My remarks shouldn't be construed as a wholesale defense of macro-breweries. I generally don't drink most A-B brands, just as I don't drink Miller or Coors. That decision is based on my taste preferences. (I do admit to a bit of anger over the damage to beer's image caused by factory brewers' inane, and misleading, advertising campaigns.) Rather, this is a look at what I consider some of the misplaced anger directed at Old Dominion. Indeed some of the criticism is well-deserved and Coastal isn't blameless for the expressed anger. As recently as last month a Coastal spokesman was assuring local drinkers that the brew pub at the Ashburn facility would reopen. It's hard to build brand loyalty with confusing or misleading statements.

I will likely continue to drink Old Dominion beers, as long as the qualities that attracted me the beer in the first place remain. Will I purchase Beach House Pilsner next summer even if it is brewed in Delaware? Surely. I'm a fan of good beer, and I base my decisions first on flavor and the enjoyment I get from drinking the beer. Rejecting a brewery solely on the involvement of Anheuser-Busch is misdirected and short sighted.


  1. This was very well written and thought-out. Thanks for speaking up in this way.

  2. At the end of the day, a local brewery is equally adept at making swill as a major multinational. I believe very strongly in supporting local business, is part of the problem with Old Dominion, and forgive my outsider perspective, that not enough locals thought highly enough of the beer to keep it going locally?

  3. There's plenty of discussion on why a local group never bought the brewery. Jerry Bailey tried for years to sell it, and several times there were rumors of an imminent sale. Only those close to it likely know why it failed. I think the beers were generally well-liked, though from my perspective in this out-of-the-way small town, not always readily available.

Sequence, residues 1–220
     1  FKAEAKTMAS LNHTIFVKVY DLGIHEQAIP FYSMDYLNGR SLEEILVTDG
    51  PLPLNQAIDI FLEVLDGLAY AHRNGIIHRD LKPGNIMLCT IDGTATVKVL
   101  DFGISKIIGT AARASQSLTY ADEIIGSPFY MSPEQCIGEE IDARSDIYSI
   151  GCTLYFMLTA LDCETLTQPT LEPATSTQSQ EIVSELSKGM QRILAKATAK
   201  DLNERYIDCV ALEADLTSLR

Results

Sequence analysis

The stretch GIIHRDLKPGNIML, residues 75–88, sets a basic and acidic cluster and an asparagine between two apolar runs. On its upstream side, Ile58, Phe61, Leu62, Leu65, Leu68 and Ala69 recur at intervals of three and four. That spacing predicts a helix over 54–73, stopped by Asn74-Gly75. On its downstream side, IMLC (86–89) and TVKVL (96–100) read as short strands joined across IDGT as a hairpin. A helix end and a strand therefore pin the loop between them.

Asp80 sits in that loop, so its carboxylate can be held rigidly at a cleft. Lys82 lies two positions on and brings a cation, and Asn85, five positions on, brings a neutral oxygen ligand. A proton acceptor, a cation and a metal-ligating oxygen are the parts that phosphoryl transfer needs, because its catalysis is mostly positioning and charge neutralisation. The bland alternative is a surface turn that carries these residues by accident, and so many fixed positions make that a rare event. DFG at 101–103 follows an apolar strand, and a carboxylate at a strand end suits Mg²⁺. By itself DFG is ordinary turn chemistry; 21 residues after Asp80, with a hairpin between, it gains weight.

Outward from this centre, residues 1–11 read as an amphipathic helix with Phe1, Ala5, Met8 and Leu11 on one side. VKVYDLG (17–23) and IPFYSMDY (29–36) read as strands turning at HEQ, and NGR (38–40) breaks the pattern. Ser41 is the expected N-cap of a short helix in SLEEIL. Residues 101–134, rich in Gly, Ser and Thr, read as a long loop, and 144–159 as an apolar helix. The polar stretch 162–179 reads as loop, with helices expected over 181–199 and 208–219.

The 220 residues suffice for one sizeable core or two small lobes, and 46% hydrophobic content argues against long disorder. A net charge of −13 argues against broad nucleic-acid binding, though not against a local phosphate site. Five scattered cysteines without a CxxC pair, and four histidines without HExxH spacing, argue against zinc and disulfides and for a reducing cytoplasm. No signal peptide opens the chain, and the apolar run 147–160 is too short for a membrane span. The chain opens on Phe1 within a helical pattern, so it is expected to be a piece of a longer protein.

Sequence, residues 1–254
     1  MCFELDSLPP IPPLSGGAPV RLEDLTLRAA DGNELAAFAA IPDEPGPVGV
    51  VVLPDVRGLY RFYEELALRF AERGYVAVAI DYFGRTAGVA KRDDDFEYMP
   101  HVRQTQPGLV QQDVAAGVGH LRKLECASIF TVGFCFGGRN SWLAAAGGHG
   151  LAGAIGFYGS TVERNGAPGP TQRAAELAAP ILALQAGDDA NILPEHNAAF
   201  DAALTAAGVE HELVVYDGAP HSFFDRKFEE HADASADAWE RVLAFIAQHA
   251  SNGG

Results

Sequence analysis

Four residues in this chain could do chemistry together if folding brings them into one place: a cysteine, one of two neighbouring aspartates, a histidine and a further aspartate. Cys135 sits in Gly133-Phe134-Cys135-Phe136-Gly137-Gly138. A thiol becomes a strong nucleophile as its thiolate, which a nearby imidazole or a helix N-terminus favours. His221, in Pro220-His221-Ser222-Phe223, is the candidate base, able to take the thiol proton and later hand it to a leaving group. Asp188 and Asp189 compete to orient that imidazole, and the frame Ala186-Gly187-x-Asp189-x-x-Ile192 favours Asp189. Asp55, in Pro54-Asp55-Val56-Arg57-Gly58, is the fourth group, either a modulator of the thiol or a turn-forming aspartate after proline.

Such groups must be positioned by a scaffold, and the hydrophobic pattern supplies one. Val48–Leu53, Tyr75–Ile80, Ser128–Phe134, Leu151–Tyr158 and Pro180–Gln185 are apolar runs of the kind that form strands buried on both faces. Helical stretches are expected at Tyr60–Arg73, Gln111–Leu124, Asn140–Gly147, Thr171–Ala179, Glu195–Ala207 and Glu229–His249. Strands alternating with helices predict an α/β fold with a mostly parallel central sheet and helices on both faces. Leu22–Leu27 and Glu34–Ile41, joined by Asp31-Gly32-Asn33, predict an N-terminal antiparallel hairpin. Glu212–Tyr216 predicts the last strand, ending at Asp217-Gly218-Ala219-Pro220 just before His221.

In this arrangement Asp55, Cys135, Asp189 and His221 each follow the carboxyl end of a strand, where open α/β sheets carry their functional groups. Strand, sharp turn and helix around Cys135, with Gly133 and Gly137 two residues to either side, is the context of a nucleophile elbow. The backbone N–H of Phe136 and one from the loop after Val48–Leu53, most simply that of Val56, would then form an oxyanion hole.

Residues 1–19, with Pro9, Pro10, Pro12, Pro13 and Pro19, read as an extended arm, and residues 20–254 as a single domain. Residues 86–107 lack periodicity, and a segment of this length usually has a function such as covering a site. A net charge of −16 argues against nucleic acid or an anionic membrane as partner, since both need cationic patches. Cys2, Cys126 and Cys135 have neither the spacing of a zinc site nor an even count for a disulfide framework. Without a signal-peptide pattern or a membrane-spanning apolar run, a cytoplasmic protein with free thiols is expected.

As far as the consolidation to Delaware. The two breweries are only around a 130 miles apart, so it probaby makes economic sense.

    At the end of the day, at least for now, the beers will still be produced, and probably won't change. Coastal wouldn't have bought OD if they didn't want to make money with it.

  4. I agree with most of what you had to say, but I've got a less positive outlook about the future of Old Dominion, because this seems less like a company streamlining to get over an economic hump and more like a brand in its death throes. Completely disowning the brand because of Anheuser-Busch's influence is indeed "misdirected and short-sighted," but in my opinion, so is expecting this company to survive, at least in its current form.

    I'm amazed that some folks are surprised when corporations (breweries being part of that umbrella) of this size "trim the fat," so to speak. If Coastal/Fordham deem it necessary, it's their right to do so; they're the proprietors. While it may be unfortunate to lose a certain beer or an entire brand, that's the way the cookie crumbles.

    Lew Bryson made a good point about how the people who are selling it actually market the OD brand now. There seems to be less interest in reviving it at present than there was when Jerry Bailey sold it. And the beat goes on...